We have learned from the Book of I and II Kings that Jeroboam set up his own self-appointed priesthood and worship places (at Bethel and Dan), but in today’s reading, we learn how this decision impacted the God-appointed Levites who were serving in the northern areas. Jeroboam banned the Levites from their sacred duties of holding local worship services and providing instruction intended to prevent the people from turning to idols. Jeroboam’s institutionalizing pagan worship forced the Levites to move to the southern kingdom.
2 Chronicles 11:14 14 For the Levites left their pasture lands and their property and came to Judah and Jerusalem, for Jeroboam and his sons had excluded them from serving as priests to the LORD.
This cleared the way for Jeroboam’s self-styled priesthood to encourage the worship of the pagan goat and calf idols in the northern kingdom of Israel.
For a brief three years under Rehoboam’s reign, the people of the southern kingdom of Judah continued to seek after the Lord. But when Rehoboam became strong in his self-confidence, he abandoned the Law of the Lord. All Israel followed suit. Speed of the leader, speed of the team. Direction of the leader, direction of the team. And it was the direction of disaster.
Because of their covenant relationship with the Lord, God chastens His people for their disobedience. He allows Shishak of Egypt to capture the fortified cities of Judah, encroaching upon their territory to the extent of threatening to destroy Jerusalem.
The prophet Shemaiah makes it clear to Rehoboam and the princes of Judah that the conquest of the Judean cities was the direct result of their disobedience to God.
When Rehoboam and the princes humble themselves according to 2 Chronicles 7:14, the Lord promises a measure of deliverance- He will spare Jerusalem from full destruction by the hand of Shishak of Egypt (2 Chronicles 12:7-12). Sadly, Shishak took away the treasures of the temple and the king’s house, including the shields of gold that Solomon had made.
The strength of Solomon and Rehoboam became liabilities as they leaned on their own wisdom and strength. God had abundantly blessed them with resources. Their failures demonstrate the inability of external and material resources to do the important work of changing the heart.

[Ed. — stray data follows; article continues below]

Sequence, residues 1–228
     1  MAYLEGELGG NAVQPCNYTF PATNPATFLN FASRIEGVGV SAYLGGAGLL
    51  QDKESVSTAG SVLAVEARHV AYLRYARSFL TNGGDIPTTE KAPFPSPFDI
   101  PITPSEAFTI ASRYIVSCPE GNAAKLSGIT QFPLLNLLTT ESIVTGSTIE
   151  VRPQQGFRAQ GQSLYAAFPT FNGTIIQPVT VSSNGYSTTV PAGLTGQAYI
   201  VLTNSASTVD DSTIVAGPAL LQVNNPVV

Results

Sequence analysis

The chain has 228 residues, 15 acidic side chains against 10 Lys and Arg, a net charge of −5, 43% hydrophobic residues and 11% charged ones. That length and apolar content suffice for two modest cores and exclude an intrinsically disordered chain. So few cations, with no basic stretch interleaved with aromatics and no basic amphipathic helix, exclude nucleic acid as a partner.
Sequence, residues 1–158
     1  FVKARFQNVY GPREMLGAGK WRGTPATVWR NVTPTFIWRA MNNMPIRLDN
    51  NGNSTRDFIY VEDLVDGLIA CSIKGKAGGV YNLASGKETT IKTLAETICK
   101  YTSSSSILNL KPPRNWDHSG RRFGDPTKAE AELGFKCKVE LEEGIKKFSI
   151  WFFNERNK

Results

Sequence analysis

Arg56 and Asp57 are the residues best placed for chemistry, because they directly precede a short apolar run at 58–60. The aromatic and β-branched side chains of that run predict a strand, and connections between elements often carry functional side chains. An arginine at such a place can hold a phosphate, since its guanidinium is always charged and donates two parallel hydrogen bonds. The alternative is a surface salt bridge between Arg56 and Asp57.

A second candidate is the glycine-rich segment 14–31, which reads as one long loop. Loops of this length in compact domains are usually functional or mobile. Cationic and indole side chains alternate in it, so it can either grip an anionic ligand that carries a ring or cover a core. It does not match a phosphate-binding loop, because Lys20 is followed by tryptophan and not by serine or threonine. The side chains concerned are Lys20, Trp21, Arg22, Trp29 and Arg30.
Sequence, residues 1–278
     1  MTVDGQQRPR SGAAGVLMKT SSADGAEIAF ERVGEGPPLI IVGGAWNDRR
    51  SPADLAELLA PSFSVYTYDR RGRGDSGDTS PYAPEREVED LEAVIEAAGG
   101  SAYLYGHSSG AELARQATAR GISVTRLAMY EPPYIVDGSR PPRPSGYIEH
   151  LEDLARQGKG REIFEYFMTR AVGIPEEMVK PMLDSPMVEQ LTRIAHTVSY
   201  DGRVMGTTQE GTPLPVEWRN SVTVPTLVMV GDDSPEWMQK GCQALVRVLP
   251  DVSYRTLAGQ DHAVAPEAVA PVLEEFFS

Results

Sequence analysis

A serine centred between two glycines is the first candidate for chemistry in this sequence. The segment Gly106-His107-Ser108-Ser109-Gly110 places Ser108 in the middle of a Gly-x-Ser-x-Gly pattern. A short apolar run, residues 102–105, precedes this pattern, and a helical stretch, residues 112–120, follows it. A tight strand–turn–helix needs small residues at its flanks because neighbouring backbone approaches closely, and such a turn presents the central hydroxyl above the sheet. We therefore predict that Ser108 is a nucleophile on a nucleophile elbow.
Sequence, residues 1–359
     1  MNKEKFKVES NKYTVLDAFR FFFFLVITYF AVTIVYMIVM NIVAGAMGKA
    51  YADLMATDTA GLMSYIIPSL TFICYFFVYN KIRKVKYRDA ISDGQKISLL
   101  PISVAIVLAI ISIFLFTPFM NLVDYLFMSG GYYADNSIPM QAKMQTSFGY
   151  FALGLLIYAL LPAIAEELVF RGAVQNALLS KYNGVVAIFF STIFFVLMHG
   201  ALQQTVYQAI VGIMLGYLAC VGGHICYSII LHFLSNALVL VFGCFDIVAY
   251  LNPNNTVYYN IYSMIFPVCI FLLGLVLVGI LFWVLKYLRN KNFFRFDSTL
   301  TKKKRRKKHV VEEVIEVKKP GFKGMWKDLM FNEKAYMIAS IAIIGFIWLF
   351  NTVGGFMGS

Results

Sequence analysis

The Gospel Transformation Bible Commentary notes the contrast between the rule of these kings and the rule of the Lord Jesus:
“When King Jesus arrived, he did not come with political power, wealth, wives, or heirs. Rather He came as the impoverished king, but the king who could actually- through his scandalous grace- change our hearts. “For what does it profit a man to gain the whole world, and forfeit his soul” (Mark 8:36)? The wealth of human kings impoverishes the people, but the poverty of our heavenly King has made us rich beyond calculation (2 Corinthians 8:9).”
Abijah is at war with Jeroboam. He makes a fiery speech rebuking Jeroboam for leading Israel astray. The Lord gives him victory over Jeroboam and the armies of Israel. According to 2 Chronicles, Abijah pledges fidelity to the Lord (although 1 Kings 15:3 tells us another side of the story).
1 Kings 15:3 3 He (Abijah) walked in all the sins of his father which he had committed before him; and his heart was not wholly devoted to the LORD his God, like the heart of his father David.
You might ask, ‘Why does the Book of Chronicles only record the positive aspects of Ahijah’s reign when 1 Kings speak of his reign as basically evil?’ Chronicles’ writer focused on God’s covenant promise to David and the pattern of worship that would anticipate the King to come- the Christ of God, the Messiah. Abijah was a defender of that promise (2 Chronicles 13:4-12), and because of this, his reign is more positively recorded in Chronicles, and he was spared the immediate consequence of his sin.
There is a past, present, and future aspect to our salvation. Through faith in the finished work of Christ on the cross, we are delivered from the penalty of sin (justification).
Through our reckoning ourselves crucified with Christ, and through our relying on the power of the indwelling Spirit, we are delivered from the power of sin (sanctification).
One day when Christ returns, we will be raised in a body conformed to His glorious body and will reign with Him throughout the ages, delivered from the presence of sin (glorification).
This is why Romans 8:24-25 speaks of our being saved ‘in hope.’ The future aspect of our salvation is that ‘we shall be like Him.’